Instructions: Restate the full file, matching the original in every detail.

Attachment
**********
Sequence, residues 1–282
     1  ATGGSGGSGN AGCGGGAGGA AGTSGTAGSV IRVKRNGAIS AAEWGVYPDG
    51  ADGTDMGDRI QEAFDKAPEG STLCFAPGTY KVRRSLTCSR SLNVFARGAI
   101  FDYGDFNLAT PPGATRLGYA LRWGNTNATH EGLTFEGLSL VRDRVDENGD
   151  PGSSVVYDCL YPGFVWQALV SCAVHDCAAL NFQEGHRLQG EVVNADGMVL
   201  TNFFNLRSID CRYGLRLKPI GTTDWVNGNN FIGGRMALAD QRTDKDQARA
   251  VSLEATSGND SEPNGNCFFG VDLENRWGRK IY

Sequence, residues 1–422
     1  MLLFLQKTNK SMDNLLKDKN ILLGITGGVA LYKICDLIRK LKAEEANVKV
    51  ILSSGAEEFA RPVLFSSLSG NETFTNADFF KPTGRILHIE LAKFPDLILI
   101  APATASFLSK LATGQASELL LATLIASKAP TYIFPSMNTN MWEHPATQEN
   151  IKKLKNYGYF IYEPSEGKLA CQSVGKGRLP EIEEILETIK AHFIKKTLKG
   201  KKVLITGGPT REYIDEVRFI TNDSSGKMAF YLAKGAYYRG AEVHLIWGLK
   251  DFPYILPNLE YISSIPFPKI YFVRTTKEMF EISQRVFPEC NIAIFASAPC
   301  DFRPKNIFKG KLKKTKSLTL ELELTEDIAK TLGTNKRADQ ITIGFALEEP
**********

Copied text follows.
Sequence, residues 1–282
     1  ATGGSGGSGN AGCGGGAGGA AGTSGTAGSV IRVKRNGAIS AAEWGVYPDG
    51  ADGTDMGDRI QEAFDKAPEG STLCFAPGTY KVRRSLTCSR SLNVFARGAI
   101  FDYGDFNLAT PPGATRLGYA LRWGNTNATH EGLTFEGLSL VRDRVDENGD
   151  PGSSVVYDCL YPGFVWQALV SCAVHDCAAL NFQEGHRLQG EVVNADGMVL
   201  TNFFNLRSID CRYGLRLKPI GTTDWVNGNN FIGGRMALAD QRTDKDQARA
   251  VSLEATSGND SEPNGNCFFG VDLENRWGRK IY

Sequence, residues 1–422
     1  MLLFLQKTNK SMDNLLKDKN ILLGITGGVA LYKICDLIRK LKAEEANVKV
    51  ILSSGAEEFA RPVLFSSLSG NETFTNADFF KPTGRILHIE LAKFPDLILI
   101  APATASFLSK LATGQASELL LATLIASKAP TYIFPSMNTN MWEHPATQEN
   151  IKKLKNYGYF IYEPSEGKLA CQSVGKGRLP EIEEILETIK AHFIKKTLKG
   201  KKVLITGGPT REYIDEVRFI TNDSSGKMAF YLAKGAYYRG AEVHLIWGLK
   251  DFPYILPNLE YISSIPFPKI YFVRTTKEMF EISQRVFPEC NIAIFASAPC
   301  DFRPKNIFKG KLKKTKSLTL ELELTEDIAK TLGTNKRADQ ITIGFALEEP